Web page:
Budgets Strained by Crippling Credit Card Debt

Early holiday shopping has reported mixed results, with online shopping reporting growth. The concern is how much buying is being financed on credit cards.

Reports show that consumers are loading up on credit card debt, with total balances far above any level we have seen in the past two decades. As you can see from the graph, consumer spending is on an unsustainable path.

One culprit to the credit card dilemma is the swift increase in mortgage interest rates. With cash-out refinances dramatically slowing due to skyrocketing mortgage rates in the past few months, this is making it more difficult for consumers to have solutions to consolidate high-interest credit card debt.

Let’s hope the next few months provide homeowners with a more cost-effective solution to revolving credit card debt before this problem spirals out of hand.

Mortgage interest rates have maintained their recent improvements, with City Creek’s quoted rate still below 6%. With many homeowners now having rates in the 7.5% range, we are getting to levels where many should now be considering a rate and term refi to reduce their house payments.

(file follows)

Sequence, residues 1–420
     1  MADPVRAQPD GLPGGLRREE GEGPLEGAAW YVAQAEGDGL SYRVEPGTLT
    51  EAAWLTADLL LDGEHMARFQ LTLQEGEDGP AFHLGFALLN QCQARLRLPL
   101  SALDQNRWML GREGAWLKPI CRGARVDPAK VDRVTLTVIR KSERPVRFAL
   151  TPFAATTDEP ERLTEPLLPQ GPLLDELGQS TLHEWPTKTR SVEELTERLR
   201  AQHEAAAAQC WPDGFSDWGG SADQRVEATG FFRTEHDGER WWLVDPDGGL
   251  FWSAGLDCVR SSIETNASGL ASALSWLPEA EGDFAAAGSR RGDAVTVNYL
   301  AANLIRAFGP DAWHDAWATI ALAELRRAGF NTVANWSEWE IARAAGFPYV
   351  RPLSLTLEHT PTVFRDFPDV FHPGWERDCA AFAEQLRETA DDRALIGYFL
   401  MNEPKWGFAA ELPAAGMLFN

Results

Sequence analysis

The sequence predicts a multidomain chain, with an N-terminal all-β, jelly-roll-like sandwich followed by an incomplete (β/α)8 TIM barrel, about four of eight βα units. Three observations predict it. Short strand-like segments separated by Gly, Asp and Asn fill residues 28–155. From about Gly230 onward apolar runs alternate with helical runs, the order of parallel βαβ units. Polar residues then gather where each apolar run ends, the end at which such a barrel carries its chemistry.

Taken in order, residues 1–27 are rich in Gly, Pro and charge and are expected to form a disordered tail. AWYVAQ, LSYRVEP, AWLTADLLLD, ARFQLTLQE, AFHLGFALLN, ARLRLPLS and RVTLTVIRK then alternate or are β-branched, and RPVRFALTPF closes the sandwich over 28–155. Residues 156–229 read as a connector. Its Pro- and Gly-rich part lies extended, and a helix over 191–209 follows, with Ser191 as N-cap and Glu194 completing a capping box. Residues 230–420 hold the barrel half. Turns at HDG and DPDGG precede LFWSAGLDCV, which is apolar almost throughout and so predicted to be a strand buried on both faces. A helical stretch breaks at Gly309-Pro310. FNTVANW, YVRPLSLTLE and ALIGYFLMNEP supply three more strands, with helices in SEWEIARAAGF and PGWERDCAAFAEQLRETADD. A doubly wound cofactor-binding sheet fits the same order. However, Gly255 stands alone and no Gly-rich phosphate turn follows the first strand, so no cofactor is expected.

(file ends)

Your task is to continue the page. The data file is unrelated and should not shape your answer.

We will begin focuing on target costs where people can refinance to lower their rate without increasing their loan balance or paying cash out of pocket. We call this their rate where you can “Refinance and We’ll Pay Your Fees.” If you are, or know someone who is, at a rate above 6.625%, you can respond to this email and ask to be put on our rate watch list.

It’s an important week with many potentially market-moving economic reports scheduled for release. The two we will be closely watching are Thursday’s Personal Consumption Expenditures (PCE) report which is the Fed’s favorite gauge of consumer inflation, and Friday’s Bureau of Labor Statistics report showing the strength of the labor market in the month of November.

Remember that the Fed is hoping to see the pace of new jobs being created slow and the Unemployment Rate move higher. Since employment is always the last to go before a recession, we expect to see the labor market still much stronger than the Fed would like it to be.

With mortgage bonds falling this morning, we recommend locking.

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